As a responsible horse owner, one of the most critical aspects of ensuring the wellbeing of any equine companion is the provision of adequate shelter. With so many different opinions and regulations surrounding the topic, it can be challenging to know what is required by law, and how to navigate the seemingly constantly changing rules around animal welfare.

The answer to the increasingly common question “do horses legally need to have shelter?”, in short, is yes – anyone who owns or cares for horses in New Zealand has a legal obligation to protect their animal from adverse weather and environmental problems.

The Animal Welfare Act 1999 states that animals need shelter to protect them from any weather related problems that could affect their health, including heat stress and its equivalent cold stress. While cold stress is relatively rare in New Zealand, sudden cold snaps and snowstorms can happen, as can other extreme weather events such as those seen across the country in recent years.

Why do horses need to have adequate shade or shelter?

As with all farm animals, horse owners must comply with the minimum standards for animal care and management as stated in the Code Of Welfare. Failure to provide adequate shade or shelter (or meet any other minimum standard) can be used as evidence and result in a criminal prosecution by relevant authorities under the Animal Welfare Act 1999.

Not only do horse owners legally need to provide shelter, but a lack of shelter will almost always play a significant role in the decline of equine health and wellbeing.

The provision of adequate shelter is particularly important for horses for several reasons:

  • Overheating can significantly impact on the health and wellbeing of a horse, with the larger body horses (such as draught horses) taking longer to cool down than those of smaller body breeds.
  • Any horses which feature white pigmentation of the skin (such as facial markings) will typically burn easier when left out in the sun without adequate shade or shelter.
  • The bane of every horse owner, horse-flies are more prevalent in open sun conditions.
  • High-fibre diets typically ingested by horses give off a lot of heat during digestion, which is somewhat of a double-edged sword – useful in winter for keeping animals warm, but harmful under a hot summer’s sun.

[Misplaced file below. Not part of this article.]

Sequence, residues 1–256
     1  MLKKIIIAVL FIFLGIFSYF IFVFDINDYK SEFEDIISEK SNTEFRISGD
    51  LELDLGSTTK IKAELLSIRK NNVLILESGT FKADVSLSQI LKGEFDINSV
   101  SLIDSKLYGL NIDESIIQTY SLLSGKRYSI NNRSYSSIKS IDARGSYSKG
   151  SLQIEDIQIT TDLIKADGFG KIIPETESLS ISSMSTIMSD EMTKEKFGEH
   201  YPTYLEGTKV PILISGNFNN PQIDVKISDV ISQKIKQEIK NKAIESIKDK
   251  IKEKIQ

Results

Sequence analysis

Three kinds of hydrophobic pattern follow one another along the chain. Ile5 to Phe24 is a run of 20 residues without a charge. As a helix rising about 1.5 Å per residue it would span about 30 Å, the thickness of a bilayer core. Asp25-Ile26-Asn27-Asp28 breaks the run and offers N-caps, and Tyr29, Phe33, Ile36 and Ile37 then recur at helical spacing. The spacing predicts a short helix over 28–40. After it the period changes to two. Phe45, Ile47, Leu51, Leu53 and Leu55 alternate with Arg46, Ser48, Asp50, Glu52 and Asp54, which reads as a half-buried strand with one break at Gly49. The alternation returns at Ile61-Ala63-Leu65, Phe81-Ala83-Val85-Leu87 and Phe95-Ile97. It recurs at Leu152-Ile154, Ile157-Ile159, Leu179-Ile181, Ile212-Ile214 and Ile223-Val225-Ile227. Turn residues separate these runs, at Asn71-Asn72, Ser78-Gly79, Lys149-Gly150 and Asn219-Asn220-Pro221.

• Breeds such as Appaloosas and Clydesdales are more susceptible to certain types of eye cancers than other horse breeds, owing to the amount of ‘white’ area around the pupil in the eye.
  • In addition to wild weather and extreme heats, shelter is also useful to ward off disease and ailments associated with rainy, muddy conditions, which often saves owners significantly in vet costs over the long run.

Evaluating the difference between environmental cover and man-made horse shelters

While environmental cover such as trees or hedges which give limited shade and shelter may be able to meet some animal welfare requirements, the provision of artificial shelter such as stables and purpose-built horse shelter structures can greatly improve equine health and are designed to meet and exceed all current standards under the Code Of Welfare.

Well-ventilated, open-style barn structures are known to benefit horses as they provide sufficient coverage without confining the animal to an enclosed area. Horses are known to require ample room to move throughout the day. One option for covered semi-outdoor riding is a dressage arena (such as those produced by SmartShelters).

Where wild horses will typically seek shelter in their surroundings, domesticated and purpose-bred horses that only know their confined paddocks and rely on human intervention will often not move into natural cover to sufficiently cool their bodies, so training their behaviour to move into man-made cover may be required.

Additional tips for providing shelter for horses

The provision of adequate shelter for horses is essential to maintain a high level of animal health, and to comply with the minimum standards laid out in the Code Of Welfare and enforced by the Animal Welfare Act 1999.

Further tips for ensuring horses have the right amount of shade and shelter required include:

  • Certain horse breeds, such as Thoroughbred and Standardbred, may have thinner coats and skin, therefore requiring additional shelter compared to other types of horses.
  • Those with multiple horses on one property should ensure there are multiple sheltered areas to provide sufficient cover to each animal.
  • If horses are confined to yards or other small areas, they are more susceptible to extreme temperatures and weather events, given their inability to freely move and regulate their body heat.
  • While horse covers (also known as horse rugs) may be worn by each animal, please note that in the eyes of the appropriate authorities, they are not considered a shelter or shade replacement, so actual shelter must be provided.
  • If using horse covers, make sure these are suitable for the climate and current weather conditions, and carry out regular inspections to ensure they are fitted correctly.
  • To promote healthy eating habits and weight levels, a steady provision of hay or alternative supplemental feed should be provided to horses kept in enclosed shelters during the winter months.

Ensure you meet your legal obligations and safeguard the health of your horses

While horse owners looking to safeguard both the wellbeing of their animals and their own legal obligations have an overwhelming number of options available, the best way to ensure no harm comes to their animal and minimise any risk of not meeting the current minimum standards is to invest in a purpose-built horse shelter or covered dressage arena.

At SmartShelters, we provide a range of high quality, built-to-last farm shelters. Our team of dedicated agricultural industry experts are on hand to assist you with our extensive range of horse barns, arenas, and shelters.

Contact us today